Fred Thompson — the former U.S. senator, Republican presidential candidate, and actor — died Sunday in Nashville, Tennessee, at the age of 73.
"It is with a heavy heart and a deep sense of grief that we share the passing of our brother, husband, father, and grandfather who died peacefully in Nashville surrounded by his family," the statement read.
"Fred was the same man on the floor of the Senate, the movie studio, or the town square of Lawrenceburg, his home," his family said.
After representing Tennessee in the U.S. Senate from 1994 to 2003, Thompson went on to play the role of a district attorney in NBC's Law and Order between 2002 and 2007.
In 2007, he announced his candidacy for the Republican nomination for president. His campaign was short-lived, however, and he dropped out of the race in early 2008.
With his height and a booming voice, the character actor made a name playing roles that demanded a sense of gravitas, such as judges, attorneys, police officers, and military figures.
In addition to Law And Order, his television credits included appearances in The Good Wife, Matlock, and NBC's short-lived 2015 drama Allegiance.
His film roles included turns in Days of Thunder, Cape Fear, Die Hard 2, and The Hunt For Red October.
But it was in political and legal circles that Thompson first made his name, serving as an assistant U.S. attorney before rising all the way to Congress.
After he earned a law degree from Vanderbilt University in 1967, he started working as an assistant U.S. attorney, where he met current U.S. Sen. Lamar Alexander.
“Very few people can light up the room the way Fred Thompson did," Alexander said in a statement Sunday. "He used his magic as a lawyer, actor, Watergate counsel, and United States senator to become one of our country’s most principled and effective public servants. He was my friend for nearly fifty years. I will miss him greatly. Honey and I and our entire family send our love and sympathy to Jeri and the Thompson family.”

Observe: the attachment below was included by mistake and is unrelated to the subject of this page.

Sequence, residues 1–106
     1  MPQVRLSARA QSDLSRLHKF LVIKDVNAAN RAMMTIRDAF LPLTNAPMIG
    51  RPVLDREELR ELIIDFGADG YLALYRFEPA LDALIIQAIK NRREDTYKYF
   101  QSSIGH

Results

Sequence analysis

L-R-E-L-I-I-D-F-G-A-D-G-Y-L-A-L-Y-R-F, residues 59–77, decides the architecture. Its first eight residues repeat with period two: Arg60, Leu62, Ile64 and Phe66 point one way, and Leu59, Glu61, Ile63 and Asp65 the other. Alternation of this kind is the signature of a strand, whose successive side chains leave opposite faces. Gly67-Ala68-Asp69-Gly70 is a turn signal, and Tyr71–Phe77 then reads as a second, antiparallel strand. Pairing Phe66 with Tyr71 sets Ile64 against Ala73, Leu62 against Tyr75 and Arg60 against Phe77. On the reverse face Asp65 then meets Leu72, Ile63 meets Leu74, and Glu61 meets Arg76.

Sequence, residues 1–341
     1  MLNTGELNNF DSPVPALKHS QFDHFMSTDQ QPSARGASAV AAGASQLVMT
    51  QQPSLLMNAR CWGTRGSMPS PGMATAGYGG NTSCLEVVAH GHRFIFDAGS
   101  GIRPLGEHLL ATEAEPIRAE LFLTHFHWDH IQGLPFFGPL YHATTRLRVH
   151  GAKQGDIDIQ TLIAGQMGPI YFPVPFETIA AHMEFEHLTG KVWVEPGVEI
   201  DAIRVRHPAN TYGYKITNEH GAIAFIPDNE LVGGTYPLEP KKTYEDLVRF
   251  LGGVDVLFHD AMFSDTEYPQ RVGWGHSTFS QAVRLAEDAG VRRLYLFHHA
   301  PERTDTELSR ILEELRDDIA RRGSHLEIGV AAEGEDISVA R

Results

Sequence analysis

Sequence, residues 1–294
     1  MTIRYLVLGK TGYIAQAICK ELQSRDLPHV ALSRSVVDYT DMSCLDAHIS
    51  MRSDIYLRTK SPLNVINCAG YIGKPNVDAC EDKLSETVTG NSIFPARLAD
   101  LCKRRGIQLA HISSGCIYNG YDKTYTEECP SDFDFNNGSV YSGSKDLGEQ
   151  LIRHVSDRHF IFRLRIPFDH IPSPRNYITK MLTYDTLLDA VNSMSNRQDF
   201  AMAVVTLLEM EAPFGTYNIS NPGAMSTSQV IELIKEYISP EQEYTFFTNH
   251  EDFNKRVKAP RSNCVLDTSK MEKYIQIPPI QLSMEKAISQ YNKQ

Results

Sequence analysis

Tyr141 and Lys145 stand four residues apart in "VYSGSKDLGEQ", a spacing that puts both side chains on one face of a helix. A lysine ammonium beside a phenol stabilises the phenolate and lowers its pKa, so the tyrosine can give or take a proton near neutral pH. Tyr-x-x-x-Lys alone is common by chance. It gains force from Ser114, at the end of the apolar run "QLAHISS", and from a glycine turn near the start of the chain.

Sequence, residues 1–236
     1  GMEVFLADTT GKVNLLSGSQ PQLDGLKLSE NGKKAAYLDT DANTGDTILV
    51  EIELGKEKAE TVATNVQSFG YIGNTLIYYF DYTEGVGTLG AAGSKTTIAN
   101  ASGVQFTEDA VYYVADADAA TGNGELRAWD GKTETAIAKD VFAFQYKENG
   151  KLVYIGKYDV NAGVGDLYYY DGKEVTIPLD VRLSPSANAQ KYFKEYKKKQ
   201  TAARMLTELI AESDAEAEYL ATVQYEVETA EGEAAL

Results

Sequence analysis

In the early 1970s, he served as committee counsel on the Watergate investigation into President Richard Nixon.
Thompson was 30 at the time, and Nixon was none-too-pleased with the appointment, considering the young lawyer not "very smart," according to a review of his White House tapes by the Associated Press.
Thompson's knowledge of the Watergate tapes eventually helped determine the president's resignation. Thompson was the first to bring up the tapes in a public hearing nearly one year before, the Tennessean reported.
Thompson's first acting role came in 1985 and was actually to play himself, a whistleblower in a major Tennessee political scandal, in the movie "Marie."
The movie was based on Thompson's 1977 case, when he had represented Marie Rigghianti, a parole administrator, who refused to release inmates who had paid for pardons from then-Gov. Ray Blanton. He won the case for Rigghianti, which allowed her to return to work in 1978.
He was first elected to the Senate in 1994 to replace Al Gore, who had been elected vice president. Thompson was re-elected in 1996.
"Fred believed that the greatness of our nation was defined by the hard work, faith, and honesty of its people," his family said. "He had an enduring belief in the exceptionalism of our country, and that America could provide the opportunity for any boy or girl, in any corner of our country, to succeed in life. "
According to the Tennessean, he is survived by his wife, Jeri, and their two young children, as well as his two surviving adult children from a previous marriage and several grandchildren.
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David Mack is a reporter and weekend editor for BuzzFeed News in New York.
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